• interacting with others
    • concentrating, persisting, or maintaining pace, or
    • controlling emotions and behavior and maintaining well-being in a workplace setting.

(For more information on getting disability for dyscognitive seizures, see our article on disability for epilepsy.)

Can Narcolepsy Qualify for a Medical-Vocational Allowance?

If the SSA determines that your narcolepsy doesn't equal the epilepsy listing or another listing, it doesn't necessarily mean your claim will be denied. The SSA has one more step it will go through to determine whether you're disabled for purposes of SSI or SSDI.

The SSA will look at all of the evidence in your file, which includes medical evidence and non-medical evidence, such as statements from you, your family and friends, therapists, and so on, to assess your residual functional capacity, or "RFC." Your RFC is the most intense work you can do (heavy, medium, light, or sedentary) and dictates what type of jobs you can do and what your limitations are.

If you have narcolepsy, your RFC assessment will almost certainly be limited, at the very least, to:

  • no work where you need to drive
  • no work involving heavy or dangerous machinery, and
  • no work in high, unstable, or otherwise unsafe places.

If the SSA decides that you can't do any jobs, based on the severity of your narcoleptic symptoms and the work restrictions you need to keep yourself and others safe, you'll be eligible for disability under a "medical-vocational allowance."

Also, Social Security will approve your disability claim if your RFC establishes that your narcolepsy would result in a 20% decrease in your productivity. Because excessive daytime sleepiness and a frequent need for naps or unscheduled breaks would severely impact someone's productivity, it's unlikely that someone with severe narcolepsy could engage in full-time work.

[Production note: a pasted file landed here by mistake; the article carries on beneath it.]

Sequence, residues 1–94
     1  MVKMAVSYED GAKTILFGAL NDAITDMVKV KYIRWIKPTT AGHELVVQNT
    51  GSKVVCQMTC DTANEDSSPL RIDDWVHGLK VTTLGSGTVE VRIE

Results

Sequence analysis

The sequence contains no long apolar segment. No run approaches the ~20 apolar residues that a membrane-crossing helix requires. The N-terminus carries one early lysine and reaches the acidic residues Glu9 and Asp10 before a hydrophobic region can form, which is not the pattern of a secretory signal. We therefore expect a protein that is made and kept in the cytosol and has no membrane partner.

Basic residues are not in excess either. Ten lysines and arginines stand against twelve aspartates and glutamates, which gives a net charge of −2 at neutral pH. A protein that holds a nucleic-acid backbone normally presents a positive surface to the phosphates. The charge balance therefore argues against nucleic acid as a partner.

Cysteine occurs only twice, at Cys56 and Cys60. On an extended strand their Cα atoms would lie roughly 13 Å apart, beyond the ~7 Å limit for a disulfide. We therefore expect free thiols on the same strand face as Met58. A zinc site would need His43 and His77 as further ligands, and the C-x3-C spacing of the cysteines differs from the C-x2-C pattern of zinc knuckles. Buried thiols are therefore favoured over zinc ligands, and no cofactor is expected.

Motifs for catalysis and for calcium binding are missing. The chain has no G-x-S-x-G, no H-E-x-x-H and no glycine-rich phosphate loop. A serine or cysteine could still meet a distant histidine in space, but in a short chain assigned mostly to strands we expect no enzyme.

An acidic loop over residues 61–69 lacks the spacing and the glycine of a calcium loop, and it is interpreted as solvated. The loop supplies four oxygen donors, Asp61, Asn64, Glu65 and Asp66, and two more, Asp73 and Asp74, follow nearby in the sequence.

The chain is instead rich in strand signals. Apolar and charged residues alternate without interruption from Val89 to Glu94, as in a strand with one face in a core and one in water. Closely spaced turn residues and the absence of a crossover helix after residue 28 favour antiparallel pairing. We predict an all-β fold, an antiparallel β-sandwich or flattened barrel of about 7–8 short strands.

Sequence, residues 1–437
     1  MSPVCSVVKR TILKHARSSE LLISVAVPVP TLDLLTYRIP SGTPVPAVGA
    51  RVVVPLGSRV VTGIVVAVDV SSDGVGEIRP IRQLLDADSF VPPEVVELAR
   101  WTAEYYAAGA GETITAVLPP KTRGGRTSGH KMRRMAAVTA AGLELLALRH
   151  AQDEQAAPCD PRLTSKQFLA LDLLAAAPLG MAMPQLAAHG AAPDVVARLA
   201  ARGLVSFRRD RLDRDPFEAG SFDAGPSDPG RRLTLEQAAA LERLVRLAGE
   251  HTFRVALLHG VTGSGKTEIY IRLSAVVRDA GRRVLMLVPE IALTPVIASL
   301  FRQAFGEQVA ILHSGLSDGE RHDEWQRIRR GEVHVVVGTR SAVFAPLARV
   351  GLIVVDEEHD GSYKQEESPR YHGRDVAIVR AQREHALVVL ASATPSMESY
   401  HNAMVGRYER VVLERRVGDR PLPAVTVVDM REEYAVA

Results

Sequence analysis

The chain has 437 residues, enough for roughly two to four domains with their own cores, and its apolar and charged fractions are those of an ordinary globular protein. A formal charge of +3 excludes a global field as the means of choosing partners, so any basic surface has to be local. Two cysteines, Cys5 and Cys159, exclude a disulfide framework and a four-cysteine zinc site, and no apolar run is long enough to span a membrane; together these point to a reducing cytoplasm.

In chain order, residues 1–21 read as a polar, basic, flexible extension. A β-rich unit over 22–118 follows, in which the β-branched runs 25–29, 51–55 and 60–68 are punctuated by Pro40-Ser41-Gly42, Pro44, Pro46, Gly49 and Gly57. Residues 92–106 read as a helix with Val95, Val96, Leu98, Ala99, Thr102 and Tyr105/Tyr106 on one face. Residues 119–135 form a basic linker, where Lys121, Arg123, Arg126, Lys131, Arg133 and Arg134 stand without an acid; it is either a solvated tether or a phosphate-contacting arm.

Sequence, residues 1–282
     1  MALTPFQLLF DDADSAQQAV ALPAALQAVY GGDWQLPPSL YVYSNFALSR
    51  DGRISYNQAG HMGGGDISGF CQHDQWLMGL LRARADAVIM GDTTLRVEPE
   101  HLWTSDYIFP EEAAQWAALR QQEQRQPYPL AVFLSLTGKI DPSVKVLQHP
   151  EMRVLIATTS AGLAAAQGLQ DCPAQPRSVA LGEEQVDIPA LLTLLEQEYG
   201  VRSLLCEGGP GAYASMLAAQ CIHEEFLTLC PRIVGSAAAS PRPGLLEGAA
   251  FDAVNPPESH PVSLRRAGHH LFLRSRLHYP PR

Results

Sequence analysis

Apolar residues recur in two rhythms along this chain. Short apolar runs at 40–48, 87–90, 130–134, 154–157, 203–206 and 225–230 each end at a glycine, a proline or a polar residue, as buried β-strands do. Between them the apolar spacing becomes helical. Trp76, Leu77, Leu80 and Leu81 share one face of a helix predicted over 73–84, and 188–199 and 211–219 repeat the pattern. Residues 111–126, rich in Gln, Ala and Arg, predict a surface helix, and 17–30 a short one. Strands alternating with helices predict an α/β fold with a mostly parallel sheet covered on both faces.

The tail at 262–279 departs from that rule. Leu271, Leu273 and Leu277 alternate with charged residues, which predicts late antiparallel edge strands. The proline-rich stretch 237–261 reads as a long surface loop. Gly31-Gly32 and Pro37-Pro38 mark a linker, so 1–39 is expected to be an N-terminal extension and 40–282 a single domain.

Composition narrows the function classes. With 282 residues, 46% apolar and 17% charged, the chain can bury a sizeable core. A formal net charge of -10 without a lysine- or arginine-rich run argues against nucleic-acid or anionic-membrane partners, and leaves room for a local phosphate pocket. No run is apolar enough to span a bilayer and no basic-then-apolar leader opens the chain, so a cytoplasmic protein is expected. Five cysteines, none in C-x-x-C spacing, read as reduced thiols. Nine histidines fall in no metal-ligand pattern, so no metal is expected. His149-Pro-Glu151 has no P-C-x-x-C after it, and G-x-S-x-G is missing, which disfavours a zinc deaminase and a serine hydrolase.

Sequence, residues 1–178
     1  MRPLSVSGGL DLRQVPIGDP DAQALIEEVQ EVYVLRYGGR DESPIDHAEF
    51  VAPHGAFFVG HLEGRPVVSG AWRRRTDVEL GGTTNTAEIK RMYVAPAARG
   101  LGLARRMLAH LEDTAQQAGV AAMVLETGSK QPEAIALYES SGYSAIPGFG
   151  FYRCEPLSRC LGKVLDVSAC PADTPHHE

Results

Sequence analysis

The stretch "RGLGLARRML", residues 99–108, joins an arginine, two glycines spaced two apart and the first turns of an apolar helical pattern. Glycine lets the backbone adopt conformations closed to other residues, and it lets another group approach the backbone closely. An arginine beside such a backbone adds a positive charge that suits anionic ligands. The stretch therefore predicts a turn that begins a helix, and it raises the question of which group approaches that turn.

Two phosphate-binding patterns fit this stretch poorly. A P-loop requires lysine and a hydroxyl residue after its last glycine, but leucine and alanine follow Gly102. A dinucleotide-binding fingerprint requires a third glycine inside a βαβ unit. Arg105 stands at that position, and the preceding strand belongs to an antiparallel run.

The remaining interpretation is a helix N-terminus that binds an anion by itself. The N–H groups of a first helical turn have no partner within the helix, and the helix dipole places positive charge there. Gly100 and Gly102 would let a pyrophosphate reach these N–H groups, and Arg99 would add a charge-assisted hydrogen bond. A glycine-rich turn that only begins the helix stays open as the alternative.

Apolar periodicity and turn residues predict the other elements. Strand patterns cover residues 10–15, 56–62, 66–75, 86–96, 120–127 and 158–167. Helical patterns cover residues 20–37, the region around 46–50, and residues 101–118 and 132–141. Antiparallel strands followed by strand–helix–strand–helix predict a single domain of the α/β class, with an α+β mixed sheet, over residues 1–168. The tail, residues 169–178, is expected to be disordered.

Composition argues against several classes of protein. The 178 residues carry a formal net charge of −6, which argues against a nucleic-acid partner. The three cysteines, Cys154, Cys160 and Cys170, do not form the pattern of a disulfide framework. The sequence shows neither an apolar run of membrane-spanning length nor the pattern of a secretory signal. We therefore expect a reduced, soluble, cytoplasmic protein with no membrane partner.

What Evidence of Narcolepsy Should You Give to Social Security?

You should make sure the SSA has the following:

  • statements from your treating doctor explaining how long each sleep attack usually lasts and the number of sleep attacks you're having
  • statements from your treating doctor explaining whether you have been following all prescribed treatment, including taking any prescribed medications used to treat narcolepsy
  • results from any tests done, including ECGs, EEGs, polysomnograms (sleep studies), and the multiple sleep latency test (MSLT), and
  • documentation (including statements from your doctor and other relevant people) that describe any aftereffects of your sleep attacks that interfere with your day-to-day functioning.

If You Need Help Applying for Disability for Narcolepsy

Applying for disability, whether you apply for SSI, SSDI, or both, can be a confusing and complex process, especially for a poorly understood condition like narcolepsy. It can be difficult to win benefits based on equaling another listing without the help of a lawyer. Many communities have legal aid or other services that provide assistance and resources for people applying for disability benefits. Or, you can contact a disability lawyer or advocate, who will receive a one-time fee from your backpay (limited to a certain percentage), if you win disability benefits.

Updated October 12, 2022